(Description of the World Health Organization Special Programme of Research, Development, and Research Training in Human Reproduction.) (Statement, May 2, 1978))
In: United States. Congress. House of Representatives. Select Committee on Population. Population and development: research in population development: needs and capacities. Vol. 3. Hearings, May 2-4, 1978. Washington, D.C., U.S. Government Printing Office, 1978. p. 213-286The World Health Organization's Special Programme of research, Development, and Research Training in Human Reproduction is supported by 150 member governments spending over 15 million dollars on 5 specific areas of research: 1) effectiveness of existing birth control methods; 2) development of new methods; 3) psychosocial factors and health service delivery; 4) health rationale for family planning; and 5) infertility. A primary goal of the program is to strengthen fertility research within the developing country. Some results of WHO research on specific contraceptive practices found the following. Depo-Provera was frequently discontinued because the amenorrhea percentage over 90 days increased from 13% to 35% during the 4th injection interval. Male contraceptives are acceptable to 50% of men in Fiji, India, Korea, Mexico and the United States with a daily pill more desirable than a monthly injection. A majority of women believe that menstruation is the removal of impure blood, and that intercourse should not occur at that time.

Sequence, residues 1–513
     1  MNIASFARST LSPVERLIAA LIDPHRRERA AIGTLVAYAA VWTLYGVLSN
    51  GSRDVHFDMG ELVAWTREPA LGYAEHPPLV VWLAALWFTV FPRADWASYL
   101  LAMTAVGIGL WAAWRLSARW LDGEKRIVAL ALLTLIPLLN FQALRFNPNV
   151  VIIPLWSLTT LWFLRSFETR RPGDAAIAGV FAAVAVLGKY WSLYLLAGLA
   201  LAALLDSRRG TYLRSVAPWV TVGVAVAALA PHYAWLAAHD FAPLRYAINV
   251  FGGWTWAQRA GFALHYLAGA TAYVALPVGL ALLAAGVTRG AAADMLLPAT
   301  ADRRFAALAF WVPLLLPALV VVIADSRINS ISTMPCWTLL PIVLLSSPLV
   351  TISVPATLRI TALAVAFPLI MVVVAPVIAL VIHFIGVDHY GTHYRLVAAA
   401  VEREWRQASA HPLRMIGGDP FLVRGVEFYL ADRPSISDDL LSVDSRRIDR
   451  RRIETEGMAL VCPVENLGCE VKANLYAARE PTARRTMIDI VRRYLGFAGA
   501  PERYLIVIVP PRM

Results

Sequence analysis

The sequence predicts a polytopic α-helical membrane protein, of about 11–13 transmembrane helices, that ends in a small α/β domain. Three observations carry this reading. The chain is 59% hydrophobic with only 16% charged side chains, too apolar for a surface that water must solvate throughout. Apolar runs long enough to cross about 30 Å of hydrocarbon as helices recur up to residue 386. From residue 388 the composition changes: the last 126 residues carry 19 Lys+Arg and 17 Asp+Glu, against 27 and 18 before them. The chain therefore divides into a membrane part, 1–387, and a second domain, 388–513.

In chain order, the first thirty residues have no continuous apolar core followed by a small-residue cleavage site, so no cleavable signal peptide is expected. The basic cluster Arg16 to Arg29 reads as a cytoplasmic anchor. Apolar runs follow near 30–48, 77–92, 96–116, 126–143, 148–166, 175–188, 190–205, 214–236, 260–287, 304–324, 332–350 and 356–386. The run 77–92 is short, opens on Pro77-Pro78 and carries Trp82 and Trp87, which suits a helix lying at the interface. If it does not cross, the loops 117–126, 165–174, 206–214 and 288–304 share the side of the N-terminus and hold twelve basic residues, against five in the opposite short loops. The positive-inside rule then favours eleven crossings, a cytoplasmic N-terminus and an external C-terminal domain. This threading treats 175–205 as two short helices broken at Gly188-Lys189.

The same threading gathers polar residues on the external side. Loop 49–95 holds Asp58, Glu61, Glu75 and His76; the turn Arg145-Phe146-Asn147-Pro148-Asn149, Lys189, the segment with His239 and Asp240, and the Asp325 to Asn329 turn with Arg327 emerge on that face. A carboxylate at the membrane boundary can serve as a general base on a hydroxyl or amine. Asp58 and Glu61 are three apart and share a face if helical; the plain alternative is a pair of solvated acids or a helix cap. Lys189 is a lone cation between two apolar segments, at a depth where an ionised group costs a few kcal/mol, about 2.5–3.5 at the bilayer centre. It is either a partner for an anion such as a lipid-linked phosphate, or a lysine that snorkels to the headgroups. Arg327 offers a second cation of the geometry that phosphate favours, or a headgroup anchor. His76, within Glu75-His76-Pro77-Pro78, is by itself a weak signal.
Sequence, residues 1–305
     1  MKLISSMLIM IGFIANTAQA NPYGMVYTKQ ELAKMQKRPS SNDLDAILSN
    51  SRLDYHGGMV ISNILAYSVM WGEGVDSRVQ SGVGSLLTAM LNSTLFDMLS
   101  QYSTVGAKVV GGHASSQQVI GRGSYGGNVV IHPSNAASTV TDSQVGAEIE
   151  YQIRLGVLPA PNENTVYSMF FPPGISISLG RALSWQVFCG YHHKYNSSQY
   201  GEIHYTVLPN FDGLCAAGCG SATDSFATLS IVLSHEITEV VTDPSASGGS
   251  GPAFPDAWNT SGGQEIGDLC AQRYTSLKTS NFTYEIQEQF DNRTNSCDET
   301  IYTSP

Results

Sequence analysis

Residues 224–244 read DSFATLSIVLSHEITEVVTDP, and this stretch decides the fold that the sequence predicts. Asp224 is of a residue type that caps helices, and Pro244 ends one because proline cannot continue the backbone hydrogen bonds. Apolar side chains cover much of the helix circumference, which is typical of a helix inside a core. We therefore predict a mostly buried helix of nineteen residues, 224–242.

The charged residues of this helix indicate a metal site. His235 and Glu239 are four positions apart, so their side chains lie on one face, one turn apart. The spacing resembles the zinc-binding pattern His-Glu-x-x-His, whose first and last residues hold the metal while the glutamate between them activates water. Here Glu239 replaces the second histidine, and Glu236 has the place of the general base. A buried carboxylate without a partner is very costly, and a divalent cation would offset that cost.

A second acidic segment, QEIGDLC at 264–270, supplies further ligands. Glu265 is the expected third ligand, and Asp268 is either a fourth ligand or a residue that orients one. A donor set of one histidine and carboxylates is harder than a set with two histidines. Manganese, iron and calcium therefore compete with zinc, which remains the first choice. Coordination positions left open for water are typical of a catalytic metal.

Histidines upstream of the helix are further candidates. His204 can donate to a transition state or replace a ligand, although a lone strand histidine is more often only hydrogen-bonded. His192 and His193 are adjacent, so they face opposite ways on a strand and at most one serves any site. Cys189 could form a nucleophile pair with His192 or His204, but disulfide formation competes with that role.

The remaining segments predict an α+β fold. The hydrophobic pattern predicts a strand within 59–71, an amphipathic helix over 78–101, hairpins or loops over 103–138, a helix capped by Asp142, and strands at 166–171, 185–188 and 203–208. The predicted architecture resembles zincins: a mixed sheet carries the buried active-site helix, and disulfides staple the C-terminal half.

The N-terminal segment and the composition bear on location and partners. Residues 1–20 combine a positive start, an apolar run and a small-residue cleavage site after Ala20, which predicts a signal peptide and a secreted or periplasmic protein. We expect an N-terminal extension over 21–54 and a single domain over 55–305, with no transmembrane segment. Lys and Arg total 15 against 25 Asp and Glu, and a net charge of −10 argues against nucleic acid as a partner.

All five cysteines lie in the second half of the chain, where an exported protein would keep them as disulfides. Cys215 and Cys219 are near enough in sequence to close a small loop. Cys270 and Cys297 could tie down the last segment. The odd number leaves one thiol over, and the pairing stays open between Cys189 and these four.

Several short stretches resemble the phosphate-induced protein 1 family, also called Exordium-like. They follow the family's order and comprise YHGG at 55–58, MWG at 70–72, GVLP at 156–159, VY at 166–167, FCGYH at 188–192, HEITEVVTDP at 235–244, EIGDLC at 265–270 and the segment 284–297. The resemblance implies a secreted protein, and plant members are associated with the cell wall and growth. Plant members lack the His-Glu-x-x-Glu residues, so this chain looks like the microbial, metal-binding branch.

New York, New York: United Nations fund for population activities, 1978. 8 pIn the 4 years following the World Population Conference at Bucharest, almost all U.N. member countries participate in the U.N. Fund for Population Activities as donors and/or recipients. This momentum must be maintained and the implications of demographic trends must be assessed. The lowest forecast for world population in the Year 2000 is 1.8 billion more than in 1975. This "giantism" should not be regarded as a spectre but as a probable reality which needs to be faced boldly in order to take into account increased demands on Earth's resources in making government policy and planning programs for development and deployment of those resources. There are clear signs that fertility will fall as much as 30% during the next 20 years. This, however encouraging it seems, should not obscure the reality that it is occurring at a very high level of actual numbers of people whose lives must be sustained. In the developing world life expectancy has risen from 42 to 54 years; in the developed world from 65 to 71. In the Third World, infant mortality continues to be the most important determinant of general mortality levels even though there are encouraging indications of a steep fall in this area. A resurgence of malaria is bound to have a serious effect on mortality as it is being found mainly in already malnourished areas. At current rates all cities are expected to grow in the next 20 years. Programs and national policy must be established to manage the problems accompanying these crowded cities. Migration is high because economic growth rates cannot sustain the growing populations of developing countries. The magnitude of this movement is causing problems for most countries in the developed world, with one suggested solution being to close the doors to all immigration. The developed and developing worlds share two population problems: 1) the number of youth is growing resulting in a potential for massive increases in fertility; and 2) the decline of fertility rates and increased life expectancy resulting in marked changes in the age structure. The most significant principle emerging from this paper is that changes taking place in demographic processes should be recognized as powerful determinants of relevance in the formulation of social and economic policy and plans in every major area of national concern.